It is a remarkable development that in a country like Egypt, ruled autocratically by a former military officer, members of the judiciary and strongly anti-regime Islamic activists find themselves on the same side in the war the dictator is waging to stay in power and pass it to his son. Yet that is exactly what has been happening since the Ikhwan al-Muslimeen – fielding its candidates as independents – won an unprecedented number of seats (though not a majority) in last year's parliamentary elections, and judges later accused the government of rigging them. The judges' accusation supports the widely held view that the Ikhwan would have secured total electoral victory had the polls been free and fair. It has also put to rest the USgovernment's claim that it has brought democracy to the Middle East by prevailing to introduce political reforms.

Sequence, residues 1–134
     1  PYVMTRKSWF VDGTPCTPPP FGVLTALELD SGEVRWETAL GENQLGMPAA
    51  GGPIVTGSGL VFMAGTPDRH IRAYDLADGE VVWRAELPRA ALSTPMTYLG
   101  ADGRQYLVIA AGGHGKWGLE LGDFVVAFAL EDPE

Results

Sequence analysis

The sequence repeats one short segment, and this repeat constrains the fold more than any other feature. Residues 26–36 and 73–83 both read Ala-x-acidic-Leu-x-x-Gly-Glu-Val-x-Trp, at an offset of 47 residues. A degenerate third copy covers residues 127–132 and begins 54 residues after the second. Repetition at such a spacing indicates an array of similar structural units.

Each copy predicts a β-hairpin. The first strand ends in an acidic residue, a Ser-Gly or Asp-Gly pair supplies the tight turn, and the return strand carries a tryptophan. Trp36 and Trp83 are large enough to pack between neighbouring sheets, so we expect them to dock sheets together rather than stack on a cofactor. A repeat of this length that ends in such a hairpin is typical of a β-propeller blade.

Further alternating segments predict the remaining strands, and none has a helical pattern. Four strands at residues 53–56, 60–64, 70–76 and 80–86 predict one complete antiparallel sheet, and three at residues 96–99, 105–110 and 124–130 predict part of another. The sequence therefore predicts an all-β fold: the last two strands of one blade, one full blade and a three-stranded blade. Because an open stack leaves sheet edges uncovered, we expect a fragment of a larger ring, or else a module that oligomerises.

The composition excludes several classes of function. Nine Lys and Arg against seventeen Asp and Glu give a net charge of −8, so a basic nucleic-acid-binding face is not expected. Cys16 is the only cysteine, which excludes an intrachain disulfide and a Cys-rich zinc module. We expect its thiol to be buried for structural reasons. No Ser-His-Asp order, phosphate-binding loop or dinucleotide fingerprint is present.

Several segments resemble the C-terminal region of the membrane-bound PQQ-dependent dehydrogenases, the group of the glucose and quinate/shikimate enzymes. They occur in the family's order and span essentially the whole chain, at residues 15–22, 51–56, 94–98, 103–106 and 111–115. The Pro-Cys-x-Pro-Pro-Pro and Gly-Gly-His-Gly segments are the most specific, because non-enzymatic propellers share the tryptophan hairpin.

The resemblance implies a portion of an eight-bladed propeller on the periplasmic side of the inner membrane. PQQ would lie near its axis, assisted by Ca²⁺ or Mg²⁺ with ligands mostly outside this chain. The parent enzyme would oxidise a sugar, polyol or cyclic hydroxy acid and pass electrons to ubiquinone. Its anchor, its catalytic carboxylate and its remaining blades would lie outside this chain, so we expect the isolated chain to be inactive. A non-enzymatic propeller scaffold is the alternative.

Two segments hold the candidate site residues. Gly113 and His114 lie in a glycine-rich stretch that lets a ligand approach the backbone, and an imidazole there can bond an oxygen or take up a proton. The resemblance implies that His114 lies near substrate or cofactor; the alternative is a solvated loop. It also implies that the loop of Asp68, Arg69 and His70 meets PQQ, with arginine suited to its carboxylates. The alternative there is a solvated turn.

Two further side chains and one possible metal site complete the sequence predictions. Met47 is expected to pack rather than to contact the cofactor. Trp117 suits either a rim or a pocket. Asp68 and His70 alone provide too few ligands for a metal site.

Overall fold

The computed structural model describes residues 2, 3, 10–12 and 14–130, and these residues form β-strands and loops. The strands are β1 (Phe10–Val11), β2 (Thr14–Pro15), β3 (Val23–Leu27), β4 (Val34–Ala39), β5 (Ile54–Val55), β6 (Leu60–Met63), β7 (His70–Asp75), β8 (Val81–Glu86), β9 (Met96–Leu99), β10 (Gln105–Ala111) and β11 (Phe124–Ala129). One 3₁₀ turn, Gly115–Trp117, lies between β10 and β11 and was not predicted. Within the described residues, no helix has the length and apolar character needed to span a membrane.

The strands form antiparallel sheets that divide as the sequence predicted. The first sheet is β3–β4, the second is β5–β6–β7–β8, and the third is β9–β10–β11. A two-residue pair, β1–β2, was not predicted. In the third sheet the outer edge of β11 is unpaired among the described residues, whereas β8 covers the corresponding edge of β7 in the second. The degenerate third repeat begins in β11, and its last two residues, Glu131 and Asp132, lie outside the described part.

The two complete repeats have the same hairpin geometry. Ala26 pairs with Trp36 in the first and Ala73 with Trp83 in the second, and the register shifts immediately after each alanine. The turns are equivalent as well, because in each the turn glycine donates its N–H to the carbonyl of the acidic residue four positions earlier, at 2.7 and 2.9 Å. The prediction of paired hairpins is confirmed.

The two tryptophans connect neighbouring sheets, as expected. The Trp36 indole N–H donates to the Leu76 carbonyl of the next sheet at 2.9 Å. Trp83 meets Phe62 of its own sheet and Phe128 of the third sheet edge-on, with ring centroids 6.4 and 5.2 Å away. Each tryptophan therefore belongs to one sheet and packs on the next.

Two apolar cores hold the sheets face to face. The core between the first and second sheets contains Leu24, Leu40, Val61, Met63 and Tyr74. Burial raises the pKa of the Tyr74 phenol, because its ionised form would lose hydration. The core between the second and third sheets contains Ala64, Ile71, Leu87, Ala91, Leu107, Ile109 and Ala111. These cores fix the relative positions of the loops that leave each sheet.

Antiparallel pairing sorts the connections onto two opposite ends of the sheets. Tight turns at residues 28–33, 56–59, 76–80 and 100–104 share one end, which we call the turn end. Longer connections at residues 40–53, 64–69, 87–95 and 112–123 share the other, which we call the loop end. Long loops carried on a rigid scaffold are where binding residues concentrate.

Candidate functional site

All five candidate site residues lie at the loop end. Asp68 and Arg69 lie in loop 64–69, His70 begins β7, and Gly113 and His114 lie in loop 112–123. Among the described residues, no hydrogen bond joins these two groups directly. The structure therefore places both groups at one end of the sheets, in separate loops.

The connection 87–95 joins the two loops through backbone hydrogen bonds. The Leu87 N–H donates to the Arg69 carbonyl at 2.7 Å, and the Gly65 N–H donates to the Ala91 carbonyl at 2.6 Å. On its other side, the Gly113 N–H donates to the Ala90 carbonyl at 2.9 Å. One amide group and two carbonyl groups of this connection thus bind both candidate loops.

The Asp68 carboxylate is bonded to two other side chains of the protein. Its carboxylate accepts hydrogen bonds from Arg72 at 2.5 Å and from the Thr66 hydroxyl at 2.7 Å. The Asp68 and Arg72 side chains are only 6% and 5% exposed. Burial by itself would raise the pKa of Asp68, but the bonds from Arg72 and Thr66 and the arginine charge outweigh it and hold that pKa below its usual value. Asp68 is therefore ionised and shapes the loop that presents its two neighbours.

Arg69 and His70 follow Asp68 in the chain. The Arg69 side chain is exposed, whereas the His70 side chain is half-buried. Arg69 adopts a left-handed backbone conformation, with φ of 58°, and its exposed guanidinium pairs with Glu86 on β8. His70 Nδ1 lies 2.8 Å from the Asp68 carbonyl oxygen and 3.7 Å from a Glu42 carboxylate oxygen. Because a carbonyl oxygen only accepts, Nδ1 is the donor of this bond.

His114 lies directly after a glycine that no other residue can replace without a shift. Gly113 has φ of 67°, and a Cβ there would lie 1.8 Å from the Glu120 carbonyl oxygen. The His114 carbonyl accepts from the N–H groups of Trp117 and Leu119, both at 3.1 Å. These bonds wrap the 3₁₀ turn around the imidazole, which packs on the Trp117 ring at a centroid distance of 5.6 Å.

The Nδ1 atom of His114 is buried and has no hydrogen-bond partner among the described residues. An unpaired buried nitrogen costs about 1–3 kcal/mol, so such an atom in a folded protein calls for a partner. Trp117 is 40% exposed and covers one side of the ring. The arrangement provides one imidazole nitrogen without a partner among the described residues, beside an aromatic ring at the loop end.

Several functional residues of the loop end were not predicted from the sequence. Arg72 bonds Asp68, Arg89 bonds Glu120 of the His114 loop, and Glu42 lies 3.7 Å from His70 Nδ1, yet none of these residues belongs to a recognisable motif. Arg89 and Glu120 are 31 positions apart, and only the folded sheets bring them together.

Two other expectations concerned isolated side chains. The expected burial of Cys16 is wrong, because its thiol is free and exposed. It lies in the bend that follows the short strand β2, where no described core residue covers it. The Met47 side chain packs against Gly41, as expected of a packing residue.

The independence of the judiciary is a vital requirement of just and democratic rule, as without it governments can be in full control of the political process and can get away with fraud in presidential and parliamentary elections, as president Hosni Mubarak has been doing since he came to power in 1981 after the assassination of his predecessor. In recent years, the main thrust of Mubarak's political machine has been to deny the Ikhwan – and, too a lesser extent, secular opponents – political power and influence, using the law, the security forces and the judiciary to do so.